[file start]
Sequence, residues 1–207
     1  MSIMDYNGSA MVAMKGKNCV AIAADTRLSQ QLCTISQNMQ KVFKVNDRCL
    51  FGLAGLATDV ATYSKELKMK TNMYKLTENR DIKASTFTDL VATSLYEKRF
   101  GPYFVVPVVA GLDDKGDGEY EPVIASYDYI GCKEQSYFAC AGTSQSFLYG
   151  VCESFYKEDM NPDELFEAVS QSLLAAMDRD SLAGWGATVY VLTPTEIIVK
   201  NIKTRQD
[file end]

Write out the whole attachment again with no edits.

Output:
Sequence, residues 1–207
     1  MSIMDYNGSA MVAMKGKNCV AIAADTRLSQ QLCTISQNMQ KVFKVNDRCL
    51  FGLAGLATDV ATYSKELKMK TNMYKLTENR DIKASTFTDL VATSLYEKRF
   101  GPYFVVPVVA GLDDKGDGEY EPVIASYDYI GCKEQSYFAC AGTSQSFLYG
   151  VCESFYKEDM NPDELFEAVS QSLLAAMDRD SLAGWGATVY VLTPTEIIVK
   201  NIKTRQD